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Jason F. Johnson

June 13, 2016 at 8:41 am
15 of 16 people found the following review helpful
5.0 out of 5 stars
There Is NOT a Better Billy Book, November 18, 2005
By 
Jason F. Johnson (Duluth, MN USA) –
(REAL NAME)
  

Verified Purchase(What’s this?)
I find myself scratching my head at the reviews who say there is “nothing new” here. I’ve been a devout Billy Joel fanatic all my life, and there is a LOT of new info here. One thing that stands out is Billy’s attempted suicide: Billy always kind of laughed the incident off, saying he “just went around farting furniture polish. I’d sit on the chair and polish the furniture.” The Borowitz book reveals that (a) Billy was admitted to the hospital in a coma; (b) he did not admit himself into a mental health facility (as he long suggested) but was admitted by the authorities; (c) he did not get himself sprung (again, as Billy has suggested) but had to get his then-manager Irwin Mazur to pose as a psychologist(!) to get him out.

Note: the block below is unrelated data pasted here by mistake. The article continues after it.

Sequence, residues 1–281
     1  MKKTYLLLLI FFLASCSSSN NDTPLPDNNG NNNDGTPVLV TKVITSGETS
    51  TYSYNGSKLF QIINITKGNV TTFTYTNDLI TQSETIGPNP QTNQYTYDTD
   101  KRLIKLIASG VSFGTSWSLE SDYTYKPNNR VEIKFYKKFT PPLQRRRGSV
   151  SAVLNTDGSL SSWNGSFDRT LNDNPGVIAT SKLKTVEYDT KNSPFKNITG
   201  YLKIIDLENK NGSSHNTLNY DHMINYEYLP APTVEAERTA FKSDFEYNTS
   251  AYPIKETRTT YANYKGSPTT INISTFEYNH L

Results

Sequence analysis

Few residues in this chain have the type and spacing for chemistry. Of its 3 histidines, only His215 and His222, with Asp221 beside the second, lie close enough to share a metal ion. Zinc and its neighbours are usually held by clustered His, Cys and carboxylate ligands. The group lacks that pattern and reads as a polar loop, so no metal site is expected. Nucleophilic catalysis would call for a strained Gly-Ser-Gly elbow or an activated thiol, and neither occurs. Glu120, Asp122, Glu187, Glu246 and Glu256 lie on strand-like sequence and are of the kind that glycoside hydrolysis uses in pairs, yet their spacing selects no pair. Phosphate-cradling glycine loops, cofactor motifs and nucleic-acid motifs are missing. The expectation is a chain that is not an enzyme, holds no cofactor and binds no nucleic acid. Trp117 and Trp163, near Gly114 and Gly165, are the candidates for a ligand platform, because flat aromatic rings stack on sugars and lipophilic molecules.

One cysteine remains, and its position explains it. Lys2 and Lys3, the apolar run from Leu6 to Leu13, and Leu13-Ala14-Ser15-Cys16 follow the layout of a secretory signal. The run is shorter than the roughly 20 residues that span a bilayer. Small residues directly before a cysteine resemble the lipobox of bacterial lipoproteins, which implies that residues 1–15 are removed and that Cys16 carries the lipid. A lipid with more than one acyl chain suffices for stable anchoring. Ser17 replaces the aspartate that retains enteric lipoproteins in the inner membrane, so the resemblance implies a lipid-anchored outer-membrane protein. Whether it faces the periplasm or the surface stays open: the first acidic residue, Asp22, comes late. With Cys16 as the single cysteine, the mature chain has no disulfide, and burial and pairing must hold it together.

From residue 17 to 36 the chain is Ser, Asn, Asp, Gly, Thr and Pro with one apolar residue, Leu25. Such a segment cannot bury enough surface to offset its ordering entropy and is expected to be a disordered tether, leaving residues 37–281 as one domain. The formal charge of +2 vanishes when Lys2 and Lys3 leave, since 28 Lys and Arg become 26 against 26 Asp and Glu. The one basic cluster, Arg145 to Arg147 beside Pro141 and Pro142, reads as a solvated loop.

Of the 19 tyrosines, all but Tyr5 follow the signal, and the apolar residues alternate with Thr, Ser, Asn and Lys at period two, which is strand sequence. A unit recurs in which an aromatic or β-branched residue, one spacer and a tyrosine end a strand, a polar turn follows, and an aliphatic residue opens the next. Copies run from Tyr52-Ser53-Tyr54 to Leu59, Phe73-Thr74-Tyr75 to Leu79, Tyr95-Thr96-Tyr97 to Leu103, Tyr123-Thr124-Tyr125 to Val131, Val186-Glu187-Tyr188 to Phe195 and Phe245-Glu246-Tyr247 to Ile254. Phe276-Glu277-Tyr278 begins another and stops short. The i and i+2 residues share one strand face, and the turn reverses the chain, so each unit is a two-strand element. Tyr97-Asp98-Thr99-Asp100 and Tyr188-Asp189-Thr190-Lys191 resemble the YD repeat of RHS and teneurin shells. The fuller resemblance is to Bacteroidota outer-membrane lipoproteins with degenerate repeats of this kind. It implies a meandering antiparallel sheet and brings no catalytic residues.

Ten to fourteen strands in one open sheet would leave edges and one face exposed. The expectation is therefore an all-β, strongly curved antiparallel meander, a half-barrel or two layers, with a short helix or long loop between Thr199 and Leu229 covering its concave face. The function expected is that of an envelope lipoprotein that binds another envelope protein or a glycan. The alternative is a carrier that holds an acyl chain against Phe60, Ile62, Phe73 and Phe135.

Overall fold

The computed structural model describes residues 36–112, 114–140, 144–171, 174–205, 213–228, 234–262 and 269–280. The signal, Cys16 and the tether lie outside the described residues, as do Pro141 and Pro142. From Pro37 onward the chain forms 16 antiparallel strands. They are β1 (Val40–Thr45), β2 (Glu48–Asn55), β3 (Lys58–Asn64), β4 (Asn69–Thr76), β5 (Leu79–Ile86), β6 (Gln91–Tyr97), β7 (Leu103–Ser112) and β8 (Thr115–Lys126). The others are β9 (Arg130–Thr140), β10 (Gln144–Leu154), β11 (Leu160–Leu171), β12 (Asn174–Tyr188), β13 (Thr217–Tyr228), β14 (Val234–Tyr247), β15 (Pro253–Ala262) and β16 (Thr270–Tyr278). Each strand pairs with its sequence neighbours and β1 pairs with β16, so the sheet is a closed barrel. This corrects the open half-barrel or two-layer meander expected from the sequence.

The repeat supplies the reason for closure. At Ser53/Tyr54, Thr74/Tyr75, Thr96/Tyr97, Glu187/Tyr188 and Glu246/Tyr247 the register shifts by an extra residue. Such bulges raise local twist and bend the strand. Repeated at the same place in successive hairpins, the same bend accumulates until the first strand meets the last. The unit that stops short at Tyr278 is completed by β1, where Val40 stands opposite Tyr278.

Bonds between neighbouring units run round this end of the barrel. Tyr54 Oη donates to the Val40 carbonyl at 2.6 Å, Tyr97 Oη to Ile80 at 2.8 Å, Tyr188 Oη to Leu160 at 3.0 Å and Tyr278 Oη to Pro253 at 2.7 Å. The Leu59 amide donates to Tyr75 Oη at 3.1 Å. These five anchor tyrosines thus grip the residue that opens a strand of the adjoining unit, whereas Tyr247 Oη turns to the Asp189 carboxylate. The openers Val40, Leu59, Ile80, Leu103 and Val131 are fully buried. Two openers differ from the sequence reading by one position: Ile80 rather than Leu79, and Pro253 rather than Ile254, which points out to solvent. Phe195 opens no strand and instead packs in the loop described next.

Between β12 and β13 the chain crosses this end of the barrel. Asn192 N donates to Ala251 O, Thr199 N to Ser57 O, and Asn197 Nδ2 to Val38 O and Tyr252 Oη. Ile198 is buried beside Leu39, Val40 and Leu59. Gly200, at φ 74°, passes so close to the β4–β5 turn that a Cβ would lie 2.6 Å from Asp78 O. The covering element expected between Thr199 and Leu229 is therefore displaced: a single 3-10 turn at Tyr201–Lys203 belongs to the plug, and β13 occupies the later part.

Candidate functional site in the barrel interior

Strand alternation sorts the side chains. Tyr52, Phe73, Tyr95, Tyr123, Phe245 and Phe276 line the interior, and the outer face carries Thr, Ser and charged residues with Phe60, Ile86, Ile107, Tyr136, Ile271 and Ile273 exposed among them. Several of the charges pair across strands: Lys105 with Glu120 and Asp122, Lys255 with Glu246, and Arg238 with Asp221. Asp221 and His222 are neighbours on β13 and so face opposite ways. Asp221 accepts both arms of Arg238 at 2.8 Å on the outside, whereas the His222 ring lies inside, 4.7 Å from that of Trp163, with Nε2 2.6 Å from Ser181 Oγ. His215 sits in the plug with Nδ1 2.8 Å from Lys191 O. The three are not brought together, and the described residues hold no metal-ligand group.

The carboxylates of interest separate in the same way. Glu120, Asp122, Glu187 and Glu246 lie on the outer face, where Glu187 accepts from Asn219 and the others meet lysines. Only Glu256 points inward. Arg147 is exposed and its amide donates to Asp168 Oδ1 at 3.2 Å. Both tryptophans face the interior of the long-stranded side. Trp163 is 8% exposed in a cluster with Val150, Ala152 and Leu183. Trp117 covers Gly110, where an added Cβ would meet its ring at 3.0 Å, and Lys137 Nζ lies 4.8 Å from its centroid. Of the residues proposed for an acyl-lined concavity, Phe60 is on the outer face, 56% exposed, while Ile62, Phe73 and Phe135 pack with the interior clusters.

And all of this is just the tip of the iceberg. Not to call into question the fans who say they already knew this stuff–but unless you’re Billy’s sister, you did NOT know all of this. And yes, band members, former managers, and family members were contacted for this book, and many of them–for a change–apparently talked. As of this writing, this is by far the most detailed Billy bio out there.